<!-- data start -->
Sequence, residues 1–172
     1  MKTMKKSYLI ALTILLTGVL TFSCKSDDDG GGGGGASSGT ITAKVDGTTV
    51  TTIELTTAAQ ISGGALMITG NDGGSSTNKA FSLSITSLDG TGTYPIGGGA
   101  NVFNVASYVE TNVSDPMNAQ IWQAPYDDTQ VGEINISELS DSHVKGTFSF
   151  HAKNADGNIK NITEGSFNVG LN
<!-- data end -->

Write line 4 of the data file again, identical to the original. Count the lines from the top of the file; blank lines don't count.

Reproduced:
   101  NVFNVASYVE TNVSDPMNAQ IWQAPYDDTQ VGEINISELS DSHVKGTFSF